Washington: Researchers have discovered that many of the genes that boost our immune system vary from person to person depending on their ethnicity, a finding that highlights the need for personalised medicines.
Cracking the DNA code for a complex region of the human genome helped scientists chart new territory in immunity research.
That means even though drugs, treatments and vaccinations are designed to treat whole populations, our response to them could be individualistic.
After completely sequencing the immensely repetitive DNA in the human genome`s one million nucleotide-long immunoglobulin heavy (IGH)-chain locus, a team of US scientists, including those at Simon Fraser University found that ethnicity may influence immunity.
"Time will confirm the extent to which this is true. But we`ve found that sections of the IGH-chain locus` DNA sequence are either missing or inserted into a person`s genome, and this could vary depending on ethnicity," said Corey Watson, postdoctoral researcher at the Mount Sinai School of Medicine in New York.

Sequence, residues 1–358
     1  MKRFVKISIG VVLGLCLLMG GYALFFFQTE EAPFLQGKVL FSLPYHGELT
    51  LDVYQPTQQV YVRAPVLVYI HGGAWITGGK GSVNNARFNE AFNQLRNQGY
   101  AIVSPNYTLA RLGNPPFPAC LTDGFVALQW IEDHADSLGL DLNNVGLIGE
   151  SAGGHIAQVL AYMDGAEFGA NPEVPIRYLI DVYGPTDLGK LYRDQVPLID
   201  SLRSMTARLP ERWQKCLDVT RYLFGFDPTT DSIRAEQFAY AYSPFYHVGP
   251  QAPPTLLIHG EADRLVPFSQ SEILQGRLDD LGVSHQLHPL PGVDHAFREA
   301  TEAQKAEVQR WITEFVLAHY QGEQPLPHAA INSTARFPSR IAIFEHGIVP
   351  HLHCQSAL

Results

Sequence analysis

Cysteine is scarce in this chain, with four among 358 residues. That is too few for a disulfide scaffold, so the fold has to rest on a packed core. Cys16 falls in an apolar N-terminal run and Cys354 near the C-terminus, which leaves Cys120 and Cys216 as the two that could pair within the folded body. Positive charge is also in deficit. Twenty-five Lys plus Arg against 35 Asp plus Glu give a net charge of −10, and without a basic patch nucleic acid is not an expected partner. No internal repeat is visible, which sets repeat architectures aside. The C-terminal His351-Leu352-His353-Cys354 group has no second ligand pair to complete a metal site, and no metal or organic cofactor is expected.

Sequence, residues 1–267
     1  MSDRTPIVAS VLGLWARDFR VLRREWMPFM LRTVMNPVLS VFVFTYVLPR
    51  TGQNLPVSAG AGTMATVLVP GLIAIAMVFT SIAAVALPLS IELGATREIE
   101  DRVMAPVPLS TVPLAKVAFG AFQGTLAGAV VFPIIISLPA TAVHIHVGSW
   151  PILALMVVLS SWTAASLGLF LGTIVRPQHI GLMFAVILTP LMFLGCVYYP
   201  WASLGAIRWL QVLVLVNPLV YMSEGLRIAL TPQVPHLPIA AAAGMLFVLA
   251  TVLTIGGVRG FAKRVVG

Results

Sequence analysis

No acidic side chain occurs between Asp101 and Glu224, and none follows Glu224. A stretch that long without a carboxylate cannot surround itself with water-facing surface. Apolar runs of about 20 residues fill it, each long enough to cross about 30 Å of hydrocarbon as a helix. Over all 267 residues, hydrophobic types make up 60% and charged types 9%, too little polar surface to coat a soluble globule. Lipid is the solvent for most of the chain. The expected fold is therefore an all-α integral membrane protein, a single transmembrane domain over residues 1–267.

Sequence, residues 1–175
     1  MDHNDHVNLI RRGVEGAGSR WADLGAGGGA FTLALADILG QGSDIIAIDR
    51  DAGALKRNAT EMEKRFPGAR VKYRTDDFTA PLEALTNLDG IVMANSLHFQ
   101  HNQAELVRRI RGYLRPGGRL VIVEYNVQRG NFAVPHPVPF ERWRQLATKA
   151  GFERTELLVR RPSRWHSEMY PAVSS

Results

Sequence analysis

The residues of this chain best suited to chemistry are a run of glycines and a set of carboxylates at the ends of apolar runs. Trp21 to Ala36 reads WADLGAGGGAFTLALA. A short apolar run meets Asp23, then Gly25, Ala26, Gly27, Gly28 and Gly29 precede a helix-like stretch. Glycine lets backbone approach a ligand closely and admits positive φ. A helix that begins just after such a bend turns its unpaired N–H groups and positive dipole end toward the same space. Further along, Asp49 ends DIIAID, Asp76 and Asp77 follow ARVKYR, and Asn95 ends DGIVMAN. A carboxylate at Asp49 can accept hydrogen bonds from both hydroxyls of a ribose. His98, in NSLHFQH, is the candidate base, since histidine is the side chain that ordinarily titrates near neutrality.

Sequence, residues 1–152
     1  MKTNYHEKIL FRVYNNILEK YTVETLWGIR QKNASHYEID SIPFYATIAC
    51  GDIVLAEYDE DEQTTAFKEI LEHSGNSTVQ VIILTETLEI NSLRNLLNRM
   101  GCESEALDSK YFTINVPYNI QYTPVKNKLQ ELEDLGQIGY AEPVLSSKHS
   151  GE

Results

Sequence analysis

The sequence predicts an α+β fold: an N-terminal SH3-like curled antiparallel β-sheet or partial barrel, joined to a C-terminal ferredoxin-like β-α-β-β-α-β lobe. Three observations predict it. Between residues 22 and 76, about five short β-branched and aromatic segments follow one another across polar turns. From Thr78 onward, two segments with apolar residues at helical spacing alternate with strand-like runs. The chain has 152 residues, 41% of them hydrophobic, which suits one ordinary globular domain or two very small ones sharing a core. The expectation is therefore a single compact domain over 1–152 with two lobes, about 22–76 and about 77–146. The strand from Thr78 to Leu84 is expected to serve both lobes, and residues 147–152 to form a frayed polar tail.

"Because this is the most complete version of a human`s IGH sequence, our data has been integrated into the official human genome project assembly," said Watson.
The scientists uncovered the link between antibody makeup and ethnicity when they screened the chromosomes of 425 people of Asian, African and European descent for several DNA insertions and deletions.
Using a single chromosome of an individual, the latest study sequenced all possible antibody-encoding genes in our IGH-chain locus.